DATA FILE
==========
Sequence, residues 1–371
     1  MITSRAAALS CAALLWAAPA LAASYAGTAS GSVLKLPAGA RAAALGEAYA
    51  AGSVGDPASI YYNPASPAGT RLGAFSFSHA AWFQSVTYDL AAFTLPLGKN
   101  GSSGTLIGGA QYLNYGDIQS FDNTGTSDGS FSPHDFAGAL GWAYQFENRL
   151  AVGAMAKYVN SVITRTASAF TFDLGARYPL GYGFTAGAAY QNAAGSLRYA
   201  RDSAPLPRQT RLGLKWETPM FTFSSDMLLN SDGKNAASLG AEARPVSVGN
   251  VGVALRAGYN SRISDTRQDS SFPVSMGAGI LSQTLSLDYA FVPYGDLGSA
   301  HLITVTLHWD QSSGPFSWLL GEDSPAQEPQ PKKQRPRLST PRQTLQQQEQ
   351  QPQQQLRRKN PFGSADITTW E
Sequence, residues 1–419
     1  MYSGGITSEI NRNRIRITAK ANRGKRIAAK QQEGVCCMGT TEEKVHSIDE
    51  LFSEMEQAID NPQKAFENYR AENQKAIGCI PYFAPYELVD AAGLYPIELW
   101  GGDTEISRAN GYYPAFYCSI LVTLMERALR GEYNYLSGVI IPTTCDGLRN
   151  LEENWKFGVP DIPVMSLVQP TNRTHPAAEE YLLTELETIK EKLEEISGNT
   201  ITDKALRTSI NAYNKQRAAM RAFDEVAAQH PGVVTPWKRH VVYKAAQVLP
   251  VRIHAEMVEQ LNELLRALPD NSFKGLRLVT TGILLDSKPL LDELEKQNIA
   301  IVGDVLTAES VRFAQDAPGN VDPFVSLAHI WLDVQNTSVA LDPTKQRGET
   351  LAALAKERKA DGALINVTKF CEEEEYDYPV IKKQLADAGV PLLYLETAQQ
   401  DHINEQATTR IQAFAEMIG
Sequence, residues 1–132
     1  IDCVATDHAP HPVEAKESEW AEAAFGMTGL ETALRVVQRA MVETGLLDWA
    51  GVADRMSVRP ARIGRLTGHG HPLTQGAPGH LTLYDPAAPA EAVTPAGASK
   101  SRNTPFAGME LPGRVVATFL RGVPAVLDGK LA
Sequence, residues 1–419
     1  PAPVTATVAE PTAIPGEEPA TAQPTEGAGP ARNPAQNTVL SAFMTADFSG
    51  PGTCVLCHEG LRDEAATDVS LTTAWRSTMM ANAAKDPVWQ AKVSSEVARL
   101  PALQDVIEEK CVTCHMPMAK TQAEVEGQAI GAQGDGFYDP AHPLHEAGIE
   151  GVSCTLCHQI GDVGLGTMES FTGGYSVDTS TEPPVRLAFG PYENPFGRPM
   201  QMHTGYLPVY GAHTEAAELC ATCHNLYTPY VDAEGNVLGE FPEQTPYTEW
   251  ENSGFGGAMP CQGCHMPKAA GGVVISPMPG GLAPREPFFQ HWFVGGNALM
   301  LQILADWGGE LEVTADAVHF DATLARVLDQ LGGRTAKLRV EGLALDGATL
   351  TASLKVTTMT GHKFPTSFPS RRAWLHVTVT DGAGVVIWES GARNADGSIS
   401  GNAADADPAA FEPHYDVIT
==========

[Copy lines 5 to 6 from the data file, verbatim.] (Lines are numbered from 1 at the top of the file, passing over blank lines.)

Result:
   151  AVGAMAKYVN SVITRTASAF TFDLGARYPL GYGFTAGAAY QNAAGSLRYA
   201  RDSAPLPRQT RLGLKWETPM FTFSSDMLLN SDGKNAASLG AEARPVSVGN